Obviously, the most important benefits are the savings, both monetary and environmental. The study suggests that if the available space that educational buildings provide for solar panels is used, then up to 75% of their electricity needs could be covered. This saved money could then be used to benefit the students and the administration. The researchers go on to project that if an all-out attempt to take advantage of educational building space is recognized, then the savings could be worth upwards of $4 billion per year.
Environmentally, this would remove schools from the cities' energy, which is sourced from coal-burning and natural gas. These methods are some of the main contributors to the greenhouse effect and the serious health consequences that come along with it. School districts are generally seen as educational institutions and not as institutions of clean energy, which isn't fair to the kids because climate change is an issue that disproportionately affects the young. This will allow their buildings to build a brighter future for them, both educationally and environmentally.
Most educational buildings have large flat roofs that are perfect for solar panel installation. The large parking lots can also be used as solar panel canopies, which not only protect from rain but also shade cars on hot days. One benefit that’s doesn’t come to mind immediately is the learning opportunity it gives the kids. Some schools are using the solar panels to teach more about solar energy and implement them in math problems for the students. With all the benefits, it’s a surprise that educational buildings haven’t been considered sooner.
Which States Would Benefit The Most?
It doesn’t take a solar energy expert to predict that Florida, Texas and California stand to benefit the most from educational solar panels thanks to their natural exposure to the sun. These states have the most potential energy to gain from the sun, while states in the Midwest are the ones who would be creating the biggest reduction in air pollutants. States like Wisconsin and Ohio could reduce their health risks and energy costs the most. Last April, The Madison Metro School District became the first school district in Wisconsin and the largest district in the nation to announce their goal of using 100% clean energy by 2040.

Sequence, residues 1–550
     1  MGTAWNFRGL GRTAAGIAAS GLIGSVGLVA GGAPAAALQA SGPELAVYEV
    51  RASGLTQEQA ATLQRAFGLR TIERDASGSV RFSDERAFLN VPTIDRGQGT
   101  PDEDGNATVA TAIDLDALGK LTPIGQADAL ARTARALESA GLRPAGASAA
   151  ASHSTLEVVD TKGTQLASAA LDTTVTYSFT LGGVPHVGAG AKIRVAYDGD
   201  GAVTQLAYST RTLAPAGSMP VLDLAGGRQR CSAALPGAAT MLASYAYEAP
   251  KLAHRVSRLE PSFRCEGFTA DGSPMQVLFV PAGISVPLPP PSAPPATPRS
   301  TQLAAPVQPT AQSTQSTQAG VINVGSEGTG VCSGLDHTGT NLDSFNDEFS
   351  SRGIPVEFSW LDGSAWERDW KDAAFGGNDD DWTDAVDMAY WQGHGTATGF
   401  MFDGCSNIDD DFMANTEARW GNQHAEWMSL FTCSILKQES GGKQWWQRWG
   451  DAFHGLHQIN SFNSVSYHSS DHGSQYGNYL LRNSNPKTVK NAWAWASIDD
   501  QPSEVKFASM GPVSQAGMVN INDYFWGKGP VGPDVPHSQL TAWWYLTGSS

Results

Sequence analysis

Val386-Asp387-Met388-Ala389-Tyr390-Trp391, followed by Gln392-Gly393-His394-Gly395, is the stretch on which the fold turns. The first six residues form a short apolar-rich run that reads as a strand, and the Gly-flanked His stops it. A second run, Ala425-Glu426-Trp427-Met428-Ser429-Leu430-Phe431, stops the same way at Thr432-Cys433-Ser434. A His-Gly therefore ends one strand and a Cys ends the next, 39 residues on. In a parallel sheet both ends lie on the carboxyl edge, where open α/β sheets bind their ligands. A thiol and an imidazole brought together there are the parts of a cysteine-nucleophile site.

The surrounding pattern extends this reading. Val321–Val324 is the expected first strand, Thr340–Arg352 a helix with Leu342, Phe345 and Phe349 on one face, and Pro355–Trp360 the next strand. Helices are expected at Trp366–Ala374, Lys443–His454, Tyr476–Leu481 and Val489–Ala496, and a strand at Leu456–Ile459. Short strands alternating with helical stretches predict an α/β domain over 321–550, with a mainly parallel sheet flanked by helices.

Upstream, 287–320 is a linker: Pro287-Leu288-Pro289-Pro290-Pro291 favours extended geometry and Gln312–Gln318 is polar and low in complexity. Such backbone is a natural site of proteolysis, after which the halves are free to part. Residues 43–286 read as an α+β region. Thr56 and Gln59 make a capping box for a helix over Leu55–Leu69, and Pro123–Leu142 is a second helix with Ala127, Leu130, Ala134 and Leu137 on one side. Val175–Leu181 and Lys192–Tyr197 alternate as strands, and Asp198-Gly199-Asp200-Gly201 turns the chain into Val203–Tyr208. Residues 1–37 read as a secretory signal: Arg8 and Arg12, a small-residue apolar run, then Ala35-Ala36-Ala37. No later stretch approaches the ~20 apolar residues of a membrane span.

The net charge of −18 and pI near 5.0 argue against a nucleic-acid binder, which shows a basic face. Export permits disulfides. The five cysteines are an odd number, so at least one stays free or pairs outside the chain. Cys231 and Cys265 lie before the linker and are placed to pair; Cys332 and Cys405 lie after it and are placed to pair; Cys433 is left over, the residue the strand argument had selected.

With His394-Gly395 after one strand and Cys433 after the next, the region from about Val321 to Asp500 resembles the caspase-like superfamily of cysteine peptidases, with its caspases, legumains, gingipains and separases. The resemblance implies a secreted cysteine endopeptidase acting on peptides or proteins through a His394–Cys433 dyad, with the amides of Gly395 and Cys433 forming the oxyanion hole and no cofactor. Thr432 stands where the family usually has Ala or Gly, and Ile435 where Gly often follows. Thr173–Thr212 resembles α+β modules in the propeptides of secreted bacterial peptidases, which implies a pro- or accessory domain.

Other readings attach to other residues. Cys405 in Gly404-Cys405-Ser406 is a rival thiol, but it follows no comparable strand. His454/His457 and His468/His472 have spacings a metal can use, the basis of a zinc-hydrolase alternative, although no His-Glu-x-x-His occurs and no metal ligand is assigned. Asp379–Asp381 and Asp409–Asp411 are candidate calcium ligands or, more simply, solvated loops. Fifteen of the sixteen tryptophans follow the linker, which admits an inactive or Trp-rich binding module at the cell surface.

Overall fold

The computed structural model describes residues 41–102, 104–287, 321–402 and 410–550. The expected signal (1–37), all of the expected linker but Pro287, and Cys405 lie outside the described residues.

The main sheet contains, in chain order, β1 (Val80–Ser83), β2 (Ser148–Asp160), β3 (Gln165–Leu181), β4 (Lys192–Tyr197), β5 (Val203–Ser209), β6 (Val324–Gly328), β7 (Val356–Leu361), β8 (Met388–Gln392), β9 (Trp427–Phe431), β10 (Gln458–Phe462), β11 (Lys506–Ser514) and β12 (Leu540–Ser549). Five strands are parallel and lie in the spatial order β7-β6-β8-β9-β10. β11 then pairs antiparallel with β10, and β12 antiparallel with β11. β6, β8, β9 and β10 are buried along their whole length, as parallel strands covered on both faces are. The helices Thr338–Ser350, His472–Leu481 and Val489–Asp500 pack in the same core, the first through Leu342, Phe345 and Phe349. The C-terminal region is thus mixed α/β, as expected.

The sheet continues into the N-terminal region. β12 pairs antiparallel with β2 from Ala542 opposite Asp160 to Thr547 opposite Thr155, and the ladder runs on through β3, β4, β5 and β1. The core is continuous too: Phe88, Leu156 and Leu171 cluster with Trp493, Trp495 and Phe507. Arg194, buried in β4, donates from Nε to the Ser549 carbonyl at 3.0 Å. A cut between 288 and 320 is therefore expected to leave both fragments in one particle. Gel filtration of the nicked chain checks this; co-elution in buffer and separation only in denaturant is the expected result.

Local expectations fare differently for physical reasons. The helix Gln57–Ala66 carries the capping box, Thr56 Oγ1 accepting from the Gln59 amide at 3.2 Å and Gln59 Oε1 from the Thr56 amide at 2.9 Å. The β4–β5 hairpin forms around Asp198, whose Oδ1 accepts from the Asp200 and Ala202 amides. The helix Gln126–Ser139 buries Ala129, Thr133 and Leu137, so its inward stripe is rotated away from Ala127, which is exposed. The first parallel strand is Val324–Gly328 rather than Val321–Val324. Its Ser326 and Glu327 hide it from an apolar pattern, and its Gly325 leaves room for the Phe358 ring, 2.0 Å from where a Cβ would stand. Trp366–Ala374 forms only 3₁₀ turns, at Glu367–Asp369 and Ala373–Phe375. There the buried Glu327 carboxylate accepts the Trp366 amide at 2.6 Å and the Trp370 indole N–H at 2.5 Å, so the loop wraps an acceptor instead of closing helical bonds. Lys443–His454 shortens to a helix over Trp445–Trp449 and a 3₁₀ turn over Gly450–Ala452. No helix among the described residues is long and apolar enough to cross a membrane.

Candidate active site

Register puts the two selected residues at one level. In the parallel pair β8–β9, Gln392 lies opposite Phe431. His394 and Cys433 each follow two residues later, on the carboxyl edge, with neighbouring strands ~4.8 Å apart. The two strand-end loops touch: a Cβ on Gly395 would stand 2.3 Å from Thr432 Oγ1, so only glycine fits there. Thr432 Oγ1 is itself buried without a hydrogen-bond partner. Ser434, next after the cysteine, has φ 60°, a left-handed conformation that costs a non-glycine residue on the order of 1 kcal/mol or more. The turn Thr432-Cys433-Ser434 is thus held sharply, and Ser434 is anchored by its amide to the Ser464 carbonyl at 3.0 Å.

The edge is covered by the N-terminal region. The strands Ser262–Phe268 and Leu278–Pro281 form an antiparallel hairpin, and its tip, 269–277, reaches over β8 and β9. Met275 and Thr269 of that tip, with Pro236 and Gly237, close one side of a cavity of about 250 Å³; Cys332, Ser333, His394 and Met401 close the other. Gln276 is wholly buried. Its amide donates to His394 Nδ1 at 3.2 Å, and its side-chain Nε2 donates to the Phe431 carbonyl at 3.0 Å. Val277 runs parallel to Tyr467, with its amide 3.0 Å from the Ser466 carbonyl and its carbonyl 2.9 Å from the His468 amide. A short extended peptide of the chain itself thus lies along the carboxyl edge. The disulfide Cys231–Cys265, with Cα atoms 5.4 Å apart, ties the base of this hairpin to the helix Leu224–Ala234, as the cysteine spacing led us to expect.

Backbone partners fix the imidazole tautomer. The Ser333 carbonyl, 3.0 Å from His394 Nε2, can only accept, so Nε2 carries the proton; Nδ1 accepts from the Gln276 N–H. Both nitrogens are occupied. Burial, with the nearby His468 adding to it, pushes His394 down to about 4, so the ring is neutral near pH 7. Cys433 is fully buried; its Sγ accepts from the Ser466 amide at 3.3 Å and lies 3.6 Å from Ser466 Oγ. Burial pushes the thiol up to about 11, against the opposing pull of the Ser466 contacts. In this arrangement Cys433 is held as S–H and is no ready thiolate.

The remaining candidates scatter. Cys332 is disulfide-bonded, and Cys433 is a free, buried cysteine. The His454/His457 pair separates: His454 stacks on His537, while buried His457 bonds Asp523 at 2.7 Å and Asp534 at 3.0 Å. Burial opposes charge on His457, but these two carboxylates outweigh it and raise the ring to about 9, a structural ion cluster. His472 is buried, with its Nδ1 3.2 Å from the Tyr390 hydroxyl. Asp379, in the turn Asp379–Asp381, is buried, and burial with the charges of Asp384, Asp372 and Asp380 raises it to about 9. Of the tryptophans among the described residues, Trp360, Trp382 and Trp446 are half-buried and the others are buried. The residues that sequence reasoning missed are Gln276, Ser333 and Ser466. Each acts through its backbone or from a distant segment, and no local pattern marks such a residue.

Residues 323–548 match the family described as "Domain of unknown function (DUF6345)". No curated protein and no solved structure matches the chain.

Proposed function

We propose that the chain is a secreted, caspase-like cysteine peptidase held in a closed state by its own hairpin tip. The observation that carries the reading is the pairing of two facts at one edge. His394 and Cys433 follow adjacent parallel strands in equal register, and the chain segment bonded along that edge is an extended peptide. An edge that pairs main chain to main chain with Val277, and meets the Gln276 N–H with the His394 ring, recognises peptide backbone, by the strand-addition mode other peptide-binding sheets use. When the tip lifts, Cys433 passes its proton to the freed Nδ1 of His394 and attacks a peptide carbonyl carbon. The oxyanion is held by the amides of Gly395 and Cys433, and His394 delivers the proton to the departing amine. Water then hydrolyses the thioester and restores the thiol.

The study goes on to talk about the implementation of the solar panels. It suggests that each educational institution shouldn’t purchase its own solar panel system. This wouldn’t be economically viable. Hiring a third party company to set up, own, and sell the school their energy at a fixed rate is a much more feasible plan.
The Department of Energy is making efforts to push for schools to adopt this renewable energy. The DOE’s Zero Energy Schools Accelerator provides schools with the technical assistance and resources needed to achieve zero energy. Studies like the Technical Feasibility Study for Zero Energy K-12 Schools have paved the way for educational institutions in all U.S. climate zones to follow. Their suggestions also allow school districts to stay within construction budget.
The researchers concluded by saying that there are rebates currently available that exceed the health, financial, environmental, and climate change benefits that educational rooftop solar panel systems provide to society. They applauded California and New York for their incentive programs for renewable energy but were curious as to why other states haven’t adopted similar programs yet.